Here are the key factors to keep in mind today for Euro trades:
- German Trade Balance: Germany reported a trade surplus of €22.8 billion for July which was below economists predictions for a trade surplus of €23.5 billion. Forex traders can compare this to the trade surplus of €24.1 billion which was reported in June. German exports surged by 2.4% in July monthly and German imports rose by 2.2%. This was well above predictions for an increase in German exports of only 1.0% and German imports of only 0.7%. German exports in June were revised to the downside and so were German imports; June's data shows German exports plunged by 1.1% while German imports decreased by 0.8%.
- German Current Account: Germany reported a current account surplus of €23.4 billion which narrowly missed economists predictions for a current account surplus of €23.5 billion. Forex traders can compare this to June's current account surplus of €24.4 billion.
- German Labor Costs: Germany reported labor costs rose in the second-quarter by 0.9% quarterly and 3.1% annualized. Forex traders can compare this with the first-quarter's increase of 0.8% quarterly and 2.8% annualized which was revised higher.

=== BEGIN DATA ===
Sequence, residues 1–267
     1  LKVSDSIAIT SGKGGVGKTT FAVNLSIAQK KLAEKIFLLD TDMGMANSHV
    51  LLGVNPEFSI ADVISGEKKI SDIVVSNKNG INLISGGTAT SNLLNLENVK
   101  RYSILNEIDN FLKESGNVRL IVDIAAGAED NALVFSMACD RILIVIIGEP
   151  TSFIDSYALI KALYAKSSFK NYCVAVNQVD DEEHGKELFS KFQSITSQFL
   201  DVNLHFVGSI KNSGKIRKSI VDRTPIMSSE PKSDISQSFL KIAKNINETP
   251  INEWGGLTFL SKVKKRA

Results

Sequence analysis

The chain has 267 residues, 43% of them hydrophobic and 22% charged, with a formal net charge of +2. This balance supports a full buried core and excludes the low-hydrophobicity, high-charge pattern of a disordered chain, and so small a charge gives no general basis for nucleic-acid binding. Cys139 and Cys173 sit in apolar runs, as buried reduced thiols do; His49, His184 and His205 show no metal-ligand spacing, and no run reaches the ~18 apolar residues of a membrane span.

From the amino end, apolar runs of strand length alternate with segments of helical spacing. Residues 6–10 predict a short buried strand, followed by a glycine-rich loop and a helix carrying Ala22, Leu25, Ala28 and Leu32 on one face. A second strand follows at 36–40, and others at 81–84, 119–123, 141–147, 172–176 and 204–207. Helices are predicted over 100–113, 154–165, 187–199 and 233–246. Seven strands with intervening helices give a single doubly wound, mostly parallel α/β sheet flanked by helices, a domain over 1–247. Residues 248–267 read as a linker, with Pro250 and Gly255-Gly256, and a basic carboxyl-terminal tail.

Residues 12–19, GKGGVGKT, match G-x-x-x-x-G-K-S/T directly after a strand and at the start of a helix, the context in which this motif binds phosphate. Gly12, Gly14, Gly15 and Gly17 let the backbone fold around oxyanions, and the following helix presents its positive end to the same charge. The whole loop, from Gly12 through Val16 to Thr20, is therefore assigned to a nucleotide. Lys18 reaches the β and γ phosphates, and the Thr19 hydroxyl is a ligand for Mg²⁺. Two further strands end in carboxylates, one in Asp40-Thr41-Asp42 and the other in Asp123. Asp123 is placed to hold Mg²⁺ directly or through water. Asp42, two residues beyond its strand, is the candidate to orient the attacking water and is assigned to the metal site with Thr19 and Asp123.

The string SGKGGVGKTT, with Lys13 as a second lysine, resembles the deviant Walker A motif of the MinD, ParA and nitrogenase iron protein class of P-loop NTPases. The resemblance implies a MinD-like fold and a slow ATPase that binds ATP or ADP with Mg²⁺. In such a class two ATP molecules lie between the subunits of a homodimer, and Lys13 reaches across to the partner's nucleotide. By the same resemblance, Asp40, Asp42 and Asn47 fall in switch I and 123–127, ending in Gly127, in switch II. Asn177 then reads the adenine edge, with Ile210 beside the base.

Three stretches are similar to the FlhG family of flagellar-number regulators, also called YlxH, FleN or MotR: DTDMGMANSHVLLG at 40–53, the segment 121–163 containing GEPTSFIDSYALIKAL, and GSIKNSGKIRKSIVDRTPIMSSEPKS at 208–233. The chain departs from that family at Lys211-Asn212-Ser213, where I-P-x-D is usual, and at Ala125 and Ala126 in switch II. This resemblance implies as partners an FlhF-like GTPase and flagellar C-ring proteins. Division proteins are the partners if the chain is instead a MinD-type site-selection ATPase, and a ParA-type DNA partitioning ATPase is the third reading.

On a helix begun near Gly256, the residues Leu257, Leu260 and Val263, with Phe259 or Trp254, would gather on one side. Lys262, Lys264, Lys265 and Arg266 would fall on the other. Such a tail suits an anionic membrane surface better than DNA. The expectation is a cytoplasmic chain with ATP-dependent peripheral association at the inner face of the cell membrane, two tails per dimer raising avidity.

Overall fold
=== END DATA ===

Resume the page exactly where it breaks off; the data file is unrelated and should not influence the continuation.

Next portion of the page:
- Eurozone GDP: Economists predict the preliminary GDP report to show a quarterly expansion of 0.3% and an annualized expansion of 1.2%. This would be in-line with the previous GDP report which showed a quarterly increase of 0.3% and annualized increase of 1.2%. Forex traders are advised to look into the details of the report.
Here is the key factor to keep in mind today for Japanese Yen trades:
- Japanese GDP: The final second-quarter GDP was revised higher from the previous report and now shows the Japanese economy contracted by 0.3% quarterly and 1.2% annualized. While the contraction remains in place it is less than the contraction predicted by economists which was 0.5% quarterly and 1.8% annualized. Japanese GDP was first reported to have contracted by 0.4% quarterly and 1.6% annualized. The nominal GDP rose by 0.1% after being reported at 0.0%, but the GDP Deflator was revised down to 1.5% from 1.6%. Private consumption was revised to a contraction of 0.7% from the previously reported contraction of 0.8%.
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